Can security trail cameras get the job done at night?
The clearer the better
Once you have spent the time researching the myriad of home security trail camera models and have picked one based off of your needs and wants, you will want the images, video and audio fed to you as clearly as possible - especially at night.
It’s a common myth that more megapixels is equivalent to better image quality. It is rare for a trail camera to boast more than three true megapixels - the more megapixels listed, the more likely they are interpolated. Interpolated pixels are like a computer software ‘adding in’ or duplicating existing megapixels, rather than the camera itself. This means if a camera boasts 18-megapixels but is using interpolated pixels, it may not be worth the inflated price tag. This certainly rings true for night-time vision too: it is a common misconception that the higher the megapixel count, the more effective at night time shooting the security trail camera will be.
The best way to decide if your image quality is up to standard is to simply look at test images from a certain model, and see if it suits your needs.
Additionally, with wind, animals and other outdoor noises, the night time can be fraught with conflicting audio when you are trying to catch a thief, or get the perfect shot of a critter. Many trail camera devices record audio, so you will want to make sure the audio is up-to-scratch depending on how loud the camera’s night time surroundings will be.
When purchasing a security trail camera (check our our trail camera buyer's guide), it is important to look at the detection range. Detection range dictates what your camera will pick up on from a certain distance, and is a very important consideration before purchase. But did you know that a security trail camera’s daytime and nighttime detection range can vary wildly? Look for the night time detection range if you are intending to use your device mostly in the evening or night.
To flash or not to flash?
The best trail cameras offer one of three main types of flash, which you should consider before making a purchase for a security trail camera intended for use at night time for the following reason.
Classically, trail cameras will use a bright white flash (an LED or incandescent) to capture pictures of a high quality, even in dark surroundings. The quality of flash imagery is great, however you seriously risk losing your surreptitiousness in the process. The flash will go off just like one on your digital camera or phone. In short: an LED or incandescent flash makes it very clear that you have a trail camera hiding somewhere. There are options for a lower level flash, or a ‘low glow’ security trail camera.
The other type of flash is called an “invisible flash” - or infrared (IR) flash. Infrared flash is favoured by hunters, wildlife enthusiasts, and those just looking to protect their home or property, due to its discretion at night. It doesn’t set off any obvious lights, and therefore doesn’t disrupt the surrounding you are capturing, making it the perfect trail camera at night. The overall quality of the image suffers slightly, but in the best security trail cameras, infrared flash is available at an impressive standard.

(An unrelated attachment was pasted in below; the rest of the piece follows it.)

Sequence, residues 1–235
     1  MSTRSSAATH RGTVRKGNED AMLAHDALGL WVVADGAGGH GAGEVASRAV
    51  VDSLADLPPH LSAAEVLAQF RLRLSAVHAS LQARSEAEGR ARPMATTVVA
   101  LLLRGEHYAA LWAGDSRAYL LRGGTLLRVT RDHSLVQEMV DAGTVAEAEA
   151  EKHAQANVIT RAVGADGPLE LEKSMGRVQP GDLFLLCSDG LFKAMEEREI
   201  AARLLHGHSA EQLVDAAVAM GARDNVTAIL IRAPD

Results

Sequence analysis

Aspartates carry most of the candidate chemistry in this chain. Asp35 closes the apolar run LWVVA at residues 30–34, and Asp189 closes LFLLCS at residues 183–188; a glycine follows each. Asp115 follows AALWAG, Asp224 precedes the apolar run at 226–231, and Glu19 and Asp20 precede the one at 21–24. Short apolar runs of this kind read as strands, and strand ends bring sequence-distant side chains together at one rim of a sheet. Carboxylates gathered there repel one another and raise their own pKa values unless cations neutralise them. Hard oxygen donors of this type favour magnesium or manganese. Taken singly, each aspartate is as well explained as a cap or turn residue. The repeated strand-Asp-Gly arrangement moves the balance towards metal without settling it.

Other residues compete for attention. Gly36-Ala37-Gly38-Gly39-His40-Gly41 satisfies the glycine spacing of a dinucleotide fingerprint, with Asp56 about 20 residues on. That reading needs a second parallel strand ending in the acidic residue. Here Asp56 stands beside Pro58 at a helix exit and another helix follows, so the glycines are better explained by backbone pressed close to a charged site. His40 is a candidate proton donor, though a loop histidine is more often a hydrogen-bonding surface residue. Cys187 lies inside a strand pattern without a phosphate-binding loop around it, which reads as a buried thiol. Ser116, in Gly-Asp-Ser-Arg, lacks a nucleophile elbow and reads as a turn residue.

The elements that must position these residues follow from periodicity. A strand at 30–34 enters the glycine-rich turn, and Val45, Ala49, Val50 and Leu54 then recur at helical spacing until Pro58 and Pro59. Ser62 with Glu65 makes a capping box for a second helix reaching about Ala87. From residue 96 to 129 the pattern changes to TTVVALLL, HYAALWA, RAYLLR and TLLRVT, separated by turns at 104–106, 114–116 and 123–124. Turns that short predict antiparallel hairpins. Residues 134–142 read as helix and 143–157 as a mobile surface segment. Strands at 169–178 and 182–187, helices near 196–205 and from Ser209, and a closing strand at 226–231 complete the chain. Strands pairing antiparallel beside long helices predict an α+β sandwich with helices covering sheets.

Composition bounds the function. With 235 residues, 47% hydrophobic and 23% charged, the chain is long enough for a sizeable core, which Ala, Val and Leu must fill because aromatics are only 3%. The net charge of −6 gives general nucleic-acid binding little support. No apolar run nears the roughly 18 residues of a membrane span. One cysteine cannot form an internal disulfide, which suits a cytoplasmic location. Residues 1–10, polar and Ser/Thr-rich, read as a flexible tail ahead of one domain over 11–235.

Below, we list the pros, cons and bottom line for these three types of infrared flash: white flash, low-glow and no-glow.
- Devices with a traditional high-LED flash, or bright white flash, yield the highest quality of image compared to its low and no flash counterparts.
- The bright flash can scare wildlife or perpetrators.
Low or Red Glow
- Low-glow security trail cameras are invisible to humans and most wildlife;
- This type of flash boasts 30% brighter imagery than a no-glow device;
- Out of the three types of flash, low-glow offers the furthest possible detection range;
- Low-glow devices are often cheaper as they require less LED than the alternatives.
- They give off a slight red glow when in use. Occasionally this can alert a human or creature to the camera’s presence.
- No-glow security trail cameras are invisible to humans and most wildlife;
- No-glow devices are often the cheapest of the three, as they require no LED.
- The imagery on no-glow security trail cameras is up to 30% less bright than on its low-glow counterpart;
- An artificial boost in exposure to make up for the lack of flash means sometimes images are distorted.
Trail cameras at night: what flash suits best?
Ultimately, what you intend to use your device for will determine which flash type is right for you.
A bright, white flash is often used by researchers to determine exact markings on creatures. Generally, these are not used in hunting or home security circumstances based on how obvious the device becomes when the flash goes off. A low-glow flash is the perfect choice for a private space like your home or commercial property. You will get high-quality footage that is brighter and more defined - and a little red glow shouldn’t be noticeable by anyone. A no-glow flash is best for extremely dark places, where even a hint of light could throw off critters and vandals alike.
When it comes to using trail cameras at night, there are many things to weigh up - such as clarity of footage, night time detection range and, of course, budget. But perhaps the most important thing to weigh up for night time surveillance is flash type.